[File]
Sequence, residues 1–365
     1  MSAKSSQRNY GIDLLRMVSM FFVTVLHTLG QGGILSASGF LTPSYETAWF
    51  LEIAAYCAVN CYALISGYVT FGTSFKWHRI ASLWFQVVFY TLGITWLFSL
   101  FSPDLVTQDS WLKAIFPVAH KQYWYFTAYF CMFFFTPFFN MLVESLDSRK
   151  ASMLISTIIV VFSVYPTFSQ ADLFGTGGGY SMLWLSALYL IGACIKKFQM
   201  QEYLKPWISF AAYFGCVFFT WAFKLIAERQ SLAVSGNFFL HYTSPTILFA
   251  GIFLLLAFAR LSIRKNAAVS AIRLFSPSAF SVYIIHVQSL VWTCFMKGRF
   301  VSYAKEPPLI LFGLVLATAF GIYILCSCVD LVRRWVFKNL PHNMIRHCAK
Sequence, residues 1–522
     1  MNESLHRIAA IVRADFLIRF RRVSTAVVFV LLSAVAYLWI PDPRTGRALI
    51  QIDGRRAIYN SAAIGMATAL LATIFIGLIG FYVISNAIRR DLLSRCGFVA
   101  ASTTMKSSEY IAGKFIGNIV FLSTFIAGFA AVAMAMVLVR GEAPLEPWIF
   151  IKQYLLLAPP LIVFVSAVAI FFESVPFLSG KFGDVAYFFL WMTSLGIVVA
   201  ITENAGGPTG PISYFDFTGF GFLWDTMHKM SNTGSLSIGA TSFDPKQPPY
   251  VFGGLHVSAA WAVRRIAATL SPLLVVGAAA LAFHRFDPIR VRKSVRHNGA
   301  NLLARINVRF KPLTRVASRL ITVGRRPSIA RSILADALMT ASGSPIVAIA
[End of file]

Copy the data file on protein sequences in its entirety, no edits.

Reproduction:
Sequence, residues 1–365
     1  MSAKSSQRNY GIDLLRMVSM FFVTVLHTLG QGGILSASGF LTPSYETAWF
    51  LEIAAYCAVN CYALISGYVT FGTSFKWHRI ASLWFQVVFY TLGITWLFSL
   101  FSPDLVTQDS WLKAIFPVAH KQYWYFTAYF CMFFFTPFFN MLVESLDSRK
   151  ASMLISTIIV VFSVYPTFSQ ADLFGTGGGY SMLWLSALYL IGACIKKFQM
   201  QEYLKPWISF AAYFGCVFFT WAFKLIAERQ SLAVSGNFFL HYTSPTILFA
   251  GIFLLLAFAR LSIRKNAAVS AIRLFSPSAF SVYIIHVQSL VWTCFMKGRF
   301  VSYAKEPPLI LFGLVLATAF GIYILCSCVD LVRRWVFKNL PHNMIRHCAK
Sequence, residues 1–522
     1  MNESLHRIAA IVRADFLIRF RRVSTAVVFV LLSAVAYLWI PDPRTGRALI
    51  QIDGRRAIYN SAAIGMATAL LATIFIGLIG FYVISNAIRR DLLSRCGFVA
   101  ASTTMKSSEY IAGKFIGNIV FLSTFIAGFA AVAMAMVLVR GEAPLEPWIF
   151  IKQYLLLAPP LIVFVSAVAI FFESVPFLSG KFGDVAYFFL WMTSLGIVVA
   201  ITENAGGPTG PISYFDFTGF GFLWDTMHKM SNTGSLSIGA TSFDPKQPPY
   251  VFGGLHVSAA WAVRRIAATL SPLLVVGAAA LAFHRFDPIR VRKSVRHNGA
   301  NLLARINVRF KPLTRVASRL ITVGRRPSIA RSILADALMT ASGSPIVAIA